For as long as I can remember, computer gaming has been a growing hobby. It still is. Every year, more and more people play games on their consoles or computers, whether they be social facebook games, multiplayer deathmatch shooters, single player, or MMOs. Games are becoming more and more a part of the cultural fabric of society. Maybe the norm is still guys playing shooters on their xbox/ ps3, but it’s not a weird thing to do any more.
And yet, Syp has looked at various surveys on the average age of gamers and found that it is rising. (Even the more conservative figures here agree that the average age of gamers is rising.) It is possible that the surveys just don’t capture younger players well. It’s likely that they tend to play on consoles owned by older family members, or play games that aren’t included in the survey.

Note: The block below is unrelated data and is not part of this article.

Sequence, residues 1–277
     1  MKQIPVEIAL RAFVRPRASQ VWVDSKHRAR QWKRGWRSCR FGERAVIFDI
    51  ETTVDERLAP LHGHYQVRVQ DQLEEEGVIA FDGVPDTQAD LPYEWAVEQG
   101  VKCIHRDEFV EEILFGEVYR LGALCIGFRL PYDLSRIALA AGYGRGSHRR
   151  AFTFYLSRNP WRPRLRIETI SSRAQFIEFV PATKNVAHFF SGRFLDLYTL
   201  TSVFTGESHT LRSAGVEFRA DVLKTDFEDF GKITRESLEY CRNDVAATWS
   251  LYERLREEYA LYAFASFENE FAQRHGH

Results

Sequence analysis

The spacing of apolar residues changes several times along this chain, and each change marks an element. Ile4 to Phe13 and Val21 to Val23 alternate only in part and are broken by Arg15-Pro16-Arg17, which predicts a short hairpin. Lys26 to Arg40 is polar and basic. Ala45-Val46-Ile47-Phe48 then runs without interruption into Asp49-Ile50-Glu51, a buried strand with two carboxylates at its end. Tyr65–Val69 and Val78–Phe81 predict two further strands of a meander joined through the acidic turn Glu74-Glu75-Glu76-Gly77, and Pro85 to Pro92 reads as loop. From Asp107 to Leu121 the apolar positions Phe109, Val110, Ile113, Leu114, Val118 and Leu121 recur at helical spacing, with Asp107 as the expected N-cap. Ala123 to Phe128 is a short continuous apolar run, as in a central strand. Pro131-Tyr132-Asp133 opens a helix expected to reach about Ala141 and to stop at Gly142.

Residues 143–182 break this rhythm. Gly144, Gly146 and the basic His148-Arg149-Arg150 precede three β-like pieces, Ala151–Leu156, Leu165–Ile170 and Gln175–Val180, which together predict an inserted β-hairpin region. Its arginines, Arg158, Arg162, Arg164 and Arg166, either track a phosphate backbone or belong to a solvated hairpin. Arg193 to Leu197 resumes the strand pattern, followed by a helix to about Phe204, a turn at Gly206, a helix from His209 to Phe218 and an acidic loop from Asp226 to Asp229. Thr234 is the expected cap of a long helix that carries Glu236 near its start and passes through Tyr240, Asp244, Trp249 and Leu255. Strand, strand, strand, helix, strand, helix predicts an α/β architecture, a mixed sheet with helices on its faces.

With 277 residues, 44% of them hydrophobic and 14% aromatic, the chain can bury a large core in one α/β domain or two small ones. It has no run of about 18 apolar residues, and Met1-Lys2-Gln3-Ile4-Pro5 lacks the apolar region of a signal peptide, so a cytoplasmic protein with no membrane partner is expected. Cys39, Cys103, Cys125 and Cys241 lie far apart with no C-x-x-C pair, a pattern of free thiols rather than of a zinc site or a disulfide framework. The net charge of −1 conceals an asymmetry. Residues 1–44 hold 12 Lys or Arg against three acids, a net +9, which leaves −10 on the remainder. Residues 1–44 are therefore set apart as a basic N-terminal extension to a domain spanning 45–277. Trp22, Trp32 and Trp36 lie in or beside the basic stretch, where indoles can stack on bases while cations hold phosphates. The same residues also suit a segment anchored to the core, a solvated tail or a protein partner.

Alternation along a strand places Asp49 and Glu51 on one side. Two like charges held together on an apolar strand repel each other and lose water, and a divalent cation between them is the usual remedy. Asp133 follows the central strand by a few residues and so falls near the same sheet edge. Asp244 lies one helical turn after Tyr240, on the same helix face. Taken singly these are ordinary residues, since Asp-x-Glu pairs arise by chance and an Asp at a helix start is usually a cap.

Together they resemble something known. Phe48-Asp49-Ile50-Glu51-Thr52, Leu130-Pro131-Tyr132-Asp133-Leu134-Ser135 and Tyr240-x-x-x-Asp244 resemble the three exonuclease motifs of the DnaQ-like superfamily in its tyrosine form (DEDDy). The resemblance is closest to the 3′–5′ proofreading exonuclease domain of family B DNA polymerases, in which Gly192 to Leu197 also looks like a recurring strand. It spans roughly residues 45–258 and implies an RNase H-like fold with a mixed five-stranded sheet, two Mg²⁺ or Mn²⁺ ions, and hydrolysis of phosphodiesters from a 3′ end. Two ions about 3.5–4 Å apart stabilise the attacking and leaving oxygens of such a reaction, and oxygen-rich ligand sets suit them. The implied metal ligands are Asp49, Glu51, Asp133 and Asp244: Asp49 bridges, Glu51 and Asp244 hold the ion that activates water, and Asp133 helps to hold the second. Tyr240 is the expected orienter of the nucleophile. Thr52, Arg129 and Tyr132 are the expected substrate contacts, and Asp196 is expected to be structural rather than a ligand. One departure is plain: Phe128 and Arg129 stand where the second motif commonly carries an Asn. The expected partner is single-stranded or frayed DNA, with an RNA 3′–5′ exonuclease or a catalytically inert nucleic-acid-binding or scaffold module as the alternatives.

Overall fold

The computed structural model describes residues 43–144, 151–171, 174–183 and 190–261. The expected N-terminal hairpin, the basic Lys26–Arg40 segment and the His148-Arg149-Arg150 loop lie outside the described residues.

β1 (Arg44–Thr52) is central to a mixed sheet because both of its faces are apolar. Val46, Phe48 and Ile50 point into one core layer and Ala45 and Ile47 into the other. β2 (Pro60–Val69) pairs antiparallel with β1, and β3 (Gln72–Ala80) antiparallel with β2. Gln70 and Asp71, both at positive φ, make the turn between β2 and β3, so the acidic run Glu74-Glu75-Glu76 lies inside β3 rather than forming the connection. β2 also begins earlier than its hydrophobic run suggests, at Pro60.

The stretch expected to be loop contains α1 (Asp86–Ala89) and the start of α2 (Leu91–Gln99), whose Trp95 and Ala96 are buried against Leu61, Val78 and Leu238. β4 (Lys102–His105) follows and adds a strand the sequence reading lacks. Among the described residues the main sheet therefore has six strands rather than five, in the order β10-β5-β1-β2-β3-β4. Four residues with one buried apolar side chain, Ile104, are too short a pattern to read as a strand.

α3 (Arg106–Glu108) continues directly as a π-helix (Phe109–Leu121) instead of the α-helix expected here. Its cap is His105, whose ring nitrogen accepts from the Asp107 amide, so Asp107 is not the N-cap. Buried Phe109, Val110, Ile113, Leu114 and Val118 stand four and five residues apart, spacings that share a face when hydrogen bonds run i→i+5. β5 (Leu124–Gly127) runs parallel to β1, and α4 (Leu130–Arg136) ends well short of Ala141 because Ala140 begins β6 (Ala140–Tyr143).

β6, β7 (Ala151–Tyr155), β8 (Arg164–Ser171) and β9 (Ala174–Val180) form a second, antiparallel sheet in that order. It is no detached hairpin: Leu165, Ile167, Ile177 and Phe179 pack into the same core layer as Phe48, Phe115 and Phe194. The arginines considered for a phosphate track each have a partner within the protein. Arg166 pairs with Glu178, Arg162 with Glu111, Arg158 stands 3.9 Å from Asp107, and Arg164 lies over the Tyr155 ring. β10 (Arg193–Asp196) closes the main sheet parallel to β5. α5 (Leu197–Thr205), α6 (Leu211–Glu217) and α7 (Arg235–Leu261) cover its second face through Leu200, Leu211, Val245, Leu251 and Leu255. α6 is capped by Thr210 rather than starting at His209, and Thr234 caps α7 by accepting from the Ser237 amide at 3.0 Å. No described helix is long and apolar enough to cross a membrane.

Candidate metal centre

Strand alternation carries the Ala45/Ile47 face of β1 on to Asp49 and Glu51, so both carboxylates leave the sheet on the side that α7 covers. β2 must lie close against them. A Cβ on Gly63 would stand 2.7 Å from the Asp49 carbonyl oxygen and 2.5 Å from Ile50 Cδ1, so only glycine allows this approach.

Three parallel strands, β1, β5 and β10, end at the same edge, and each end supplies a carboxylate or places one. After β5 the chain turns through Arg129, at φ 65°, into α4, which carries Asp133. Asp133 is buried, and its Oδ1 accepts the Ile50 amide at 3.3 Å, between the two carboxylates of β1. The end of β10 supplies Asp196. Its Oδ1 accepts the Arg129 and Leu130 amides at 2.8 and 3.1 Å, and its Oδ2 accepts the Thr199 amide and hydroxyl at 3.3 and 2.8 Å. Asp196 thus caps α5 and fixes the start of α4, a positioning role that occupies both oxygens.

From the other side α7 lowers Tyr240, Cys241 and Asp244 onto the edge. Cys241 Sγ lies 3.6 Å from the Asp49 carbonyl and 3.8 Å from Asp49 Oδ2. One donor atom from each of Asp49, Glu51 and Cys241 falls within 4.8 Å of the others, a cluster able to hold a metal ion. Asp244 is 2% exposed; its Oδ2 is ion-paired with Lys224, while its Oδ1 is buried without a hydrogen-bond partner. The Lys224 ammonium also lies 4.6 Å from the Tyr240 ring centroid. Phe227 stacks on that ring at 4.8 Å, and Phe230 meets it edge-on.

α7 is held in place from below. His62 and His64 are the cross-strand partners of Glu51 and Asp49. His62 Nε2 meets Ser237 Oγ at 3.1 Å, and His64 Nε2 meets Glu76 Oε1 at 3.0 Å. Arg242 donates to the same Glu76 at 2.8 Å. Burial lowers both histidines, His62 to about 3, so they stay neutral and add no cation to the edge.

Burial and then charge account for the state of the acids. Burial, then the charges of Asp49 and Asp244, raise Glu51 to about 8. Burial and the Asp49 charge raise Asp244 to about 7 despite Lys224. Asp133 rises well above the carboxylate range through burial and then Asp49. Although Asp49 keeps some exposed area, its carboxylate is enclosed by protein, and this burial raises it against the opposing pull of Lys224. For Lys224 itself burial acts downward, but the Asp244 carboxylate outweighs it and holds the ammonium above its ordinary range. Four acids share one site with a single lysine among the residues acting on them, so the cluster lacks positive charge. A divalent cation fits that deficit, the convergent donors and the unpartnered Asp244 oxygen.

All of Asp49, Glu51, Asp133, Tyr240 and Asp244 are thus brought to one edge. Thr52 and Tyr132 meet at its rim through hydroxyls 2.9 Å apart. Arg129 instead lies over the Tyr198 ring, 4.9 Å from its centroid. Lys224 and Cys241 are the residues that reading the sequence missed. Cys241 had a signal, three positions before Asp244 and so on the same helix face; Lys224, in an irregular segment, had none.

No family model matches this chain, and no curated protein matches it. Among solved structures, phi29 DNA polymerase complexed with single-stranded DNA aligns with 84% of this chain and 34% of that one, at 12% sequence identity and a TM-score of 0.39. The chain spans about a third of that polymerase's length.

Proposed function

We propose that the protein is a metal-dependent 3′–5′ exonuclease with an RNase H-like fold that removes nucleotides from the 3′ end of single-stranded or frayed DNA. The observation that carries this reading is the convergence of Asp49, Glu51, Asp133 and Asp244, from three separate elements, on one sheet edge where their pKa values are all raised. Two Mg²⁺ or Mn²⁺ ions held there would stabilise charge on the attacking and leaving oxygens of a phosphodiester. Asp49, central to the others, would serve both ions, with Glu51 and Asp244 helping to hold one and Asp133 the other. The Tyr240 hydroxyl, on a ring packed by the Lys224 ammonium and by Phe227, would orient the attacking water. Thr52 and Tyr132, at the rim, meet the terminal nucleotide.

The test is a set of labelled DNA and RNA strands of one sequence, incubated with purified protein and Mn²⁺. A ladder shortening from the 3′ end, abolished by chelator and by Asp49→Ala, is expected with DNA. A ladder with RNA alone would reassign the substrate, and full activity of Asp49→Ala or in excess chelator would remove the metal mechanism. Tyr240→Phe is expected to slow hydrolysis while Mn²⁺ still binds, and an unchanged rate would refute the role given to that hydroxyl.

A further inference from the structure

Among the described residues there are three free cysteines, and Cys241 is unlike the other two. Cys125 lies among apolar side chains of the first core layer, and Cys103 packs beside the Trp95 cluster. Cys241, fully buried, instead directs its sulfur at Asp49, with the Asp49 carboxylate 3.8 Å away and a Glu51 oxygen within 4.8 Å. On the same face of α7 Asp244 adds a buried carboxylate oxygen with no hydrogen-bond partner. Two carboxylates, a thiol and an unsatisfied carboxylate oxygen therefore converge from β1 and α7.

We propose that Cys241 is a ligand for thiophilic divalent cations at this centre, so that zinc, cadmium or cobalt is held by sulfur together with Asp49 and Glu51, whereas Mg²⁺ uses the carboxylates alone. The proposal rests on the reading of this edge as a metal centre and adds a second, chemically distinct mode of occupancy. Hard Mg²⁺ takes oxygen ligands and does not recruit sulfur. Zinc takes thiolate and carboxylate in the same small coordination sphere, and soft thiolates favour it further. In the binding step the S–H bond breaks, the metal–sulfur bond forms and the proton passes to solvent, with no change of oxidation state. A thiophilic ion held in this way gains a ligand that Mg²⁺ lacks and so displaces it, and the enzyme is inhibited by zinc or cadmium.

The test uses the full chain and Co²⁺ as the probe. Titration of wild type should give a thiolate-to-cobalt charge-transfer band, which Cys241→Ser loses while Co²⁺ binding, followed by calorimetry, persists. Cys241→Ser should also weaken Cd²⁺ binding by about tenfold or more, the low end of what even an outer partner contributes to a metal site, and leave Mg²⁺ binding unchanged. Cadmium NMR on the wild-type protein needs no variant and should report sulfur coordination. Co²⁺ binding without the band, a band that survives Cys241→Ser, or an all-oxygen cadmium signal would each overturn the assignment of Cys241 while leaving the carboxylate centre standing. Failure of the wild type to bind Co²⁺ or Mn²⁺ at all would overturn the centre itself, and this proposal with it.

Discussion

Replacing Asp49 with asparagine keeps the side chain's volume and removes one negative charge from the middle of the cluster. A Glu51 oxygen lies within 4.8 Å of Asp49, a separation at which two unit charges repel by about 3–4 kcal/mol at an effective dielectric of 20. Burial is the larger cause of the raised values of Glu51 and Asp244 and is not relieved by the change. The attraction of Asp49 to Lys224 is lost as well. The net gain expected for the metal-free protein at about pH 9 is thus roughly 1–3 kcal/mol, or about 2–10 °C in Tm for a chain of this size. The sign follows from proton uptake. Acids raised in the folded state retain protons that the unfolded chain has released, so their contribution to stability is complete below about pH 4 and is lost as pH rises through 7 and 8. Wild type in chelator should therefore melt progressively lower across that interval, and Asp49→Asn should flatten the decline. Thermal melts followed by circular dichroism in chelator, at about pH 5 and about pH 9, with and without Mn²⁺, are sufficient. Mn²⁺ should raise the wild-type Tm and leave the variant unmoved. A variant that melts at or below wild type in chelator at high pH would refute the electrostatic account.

But just for the sake of argument, let’s say that the surveys are right and the average age of gamers is going to keep increasing. Younger people will drift into new, different hobbies. Probably they’ll involve internet connectivity but not the big AAA games, increasingly looking bereft of new ideas, that we’ve seen in the past few years. (If I say AAA games are looking short on ideas, it’s from having been trapped in an office with a fanatical black ops player – I know a lot about that game now! And pretty much all of the battlegrounds/ win conditions are things I’ve seen before.)
Whilst gamers are still in the money making part of their lives, studios will pander to them. But in 30+ years time? It’ll be on to the new hotness. It may be less than that depending on how the next generation of consoles shapes up. If you think that games are the 21st century’s big media breakthrough in the way that cinema and TV were the media darlings of the 20th century, then you have to wonder how the next generation will be enticed to make them a part of its life.